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Monday, November 25, 2013

Strategic CSR - Compliance Officers

According to the article in the first url below, Compliance Officers are “hot” on Wall Street!
 
“The kings of Wall Street used to be the traders and investment bankers who said yes to big deals and big trades, but today's power brokers increasingly are the compliance officers who quite often say no to risky proposals.”
 
I have seen a number of articles in the mainstream national business press in recent weeks, all with the same story line—there are insufficient qualified applicants for the number of compliance openings available. As noted in the article in the second url below, both JP Morgan and HSBC are reacting to increasing government oversight and enforcement (having suffered significant fines recently for past misdeeds):
 
“The Wall Street Journal previously reported that J.P. Morgan would spend $4 billion and commit 5,000 people to risk and compliance efforts and that HSBC added 1,600 compliance jobs in the first half of the year. But there is even more demand for compliance. The Institute of Internal Auditors shared with Risk & Compliance Journal some preliminary findings from its Pulse of the Profession survey, expected to be made public in November, which found 67% of internal auditors believe that audit committees see compliance as one of the top five risk areas, up from 59% at the same time last year.”
 
As the first article points out, although long in the making, the focus on compliance has gathered pace in recent years as the consequences of non-compliance become increasingly apparent:
 
“[Much of] Wall Street's focus on compliance … dates back to October 2003, when a provision of the Patriot Act that required financial institutions to verify the identities of certain customers went into effect. Banks were then forced to bolster so-called AML (anti-money laundering) compliance departments to monitor their customers and transactions. But it was only in recent years – after the 2008-2009 financial crisis – that regulators and prosecutors have intensified a crackdown on the flow of money tied to suspected terrorist activity, drug lords and tax evaders. Enforcement actions have stacked up across the industry, with anti-money laundering settlements, including some sanctions violations, spiking to total $3.5 billion in 2012, from $26.6 million in 2011, according to the Association of Certified Anti-Money Laundering Specialists. That jump includes last year's $1.9 billion blockbuster fine on HSBC for its failures to stop hundreds of millions of dollars of drug money routed through it from Mexico.”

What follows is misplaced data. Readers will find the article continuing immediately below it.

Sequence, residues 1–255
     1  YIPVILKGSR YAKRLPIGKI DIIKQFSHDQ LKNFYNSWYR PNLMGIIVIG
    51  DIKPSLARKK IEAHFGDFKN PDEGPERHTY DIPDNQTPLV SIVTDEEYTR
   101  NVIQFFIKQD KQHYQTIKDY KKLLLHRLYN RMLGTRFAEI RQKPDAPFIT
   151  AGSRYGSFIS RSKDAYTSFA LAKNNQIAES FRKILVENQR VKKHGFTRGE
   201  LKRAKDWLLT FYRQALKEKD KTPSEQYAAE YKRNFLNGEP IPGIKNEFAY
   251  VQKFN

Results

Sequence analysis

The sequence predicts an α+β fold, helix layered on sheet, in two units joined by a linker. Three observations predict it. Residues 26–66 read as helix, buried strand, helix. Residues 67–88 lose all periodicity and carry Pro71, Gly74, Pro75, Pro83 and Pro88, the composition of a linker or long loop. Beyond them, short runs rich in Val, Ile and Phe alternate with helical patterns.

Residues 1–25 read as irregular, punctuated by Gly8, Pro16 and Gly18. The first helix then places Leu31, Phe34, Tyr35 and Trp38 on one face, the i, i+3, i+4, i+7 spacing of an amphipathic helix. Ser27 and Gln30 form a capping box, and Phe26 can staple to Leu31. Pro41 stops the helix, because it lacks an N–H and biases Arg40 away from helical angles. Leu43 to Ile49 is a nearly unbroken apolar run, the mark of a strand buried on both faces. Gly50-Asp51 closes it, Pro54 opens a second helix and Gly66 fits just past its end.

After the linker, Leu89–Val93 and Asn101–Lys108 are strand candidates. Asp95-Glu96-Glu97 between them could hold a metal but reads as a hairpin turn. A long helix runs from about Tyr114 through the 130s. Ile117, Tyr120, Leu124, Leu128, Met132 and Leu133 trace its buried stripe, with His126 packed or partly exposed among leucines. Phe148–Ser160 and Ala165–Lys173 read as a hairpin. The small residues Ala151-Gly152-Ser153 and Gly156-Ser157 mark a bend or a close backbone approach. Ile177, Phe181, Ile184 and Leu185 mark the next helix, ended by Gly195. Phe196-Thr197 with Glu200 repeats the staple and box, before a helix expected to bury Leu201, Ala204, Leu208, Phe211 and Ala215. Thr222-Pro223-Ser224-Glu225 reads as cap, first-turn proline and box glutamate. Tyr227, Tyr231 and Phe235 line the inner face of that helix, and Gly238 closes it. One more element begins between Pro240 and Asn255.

Clearly, there is a market for business schools and organizations such as the Ethics & Compliance Officers Association (ECOA, http://www.theecoa.org/) that are training students with the necessary skills to conduct this work:
 
“There are no specialized degrees required for compliance officials, who were typically repurposed from other divisions of a bank. But as demand picked up, candidates with degrees from reputable law schools started moving into the field, recruiters say. At a bank or broker-dealer, a compliance employee with a couple years of experience might make between $65,000 and $85,000 plus a bonus; five to 10 years of experience generally commands a base salary of up to $150,000 per year; and top professionals can expect $1 million or more.”
 
Take care
David
 
David Chandler & Bill Werther
 
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Wall Street’s Hot Trade: Compliance Officers
By Aruna Viswanatha
October 9, 2013
Reuters
By Gregory J. Millman
October 22, 2013
The Wall Street Journal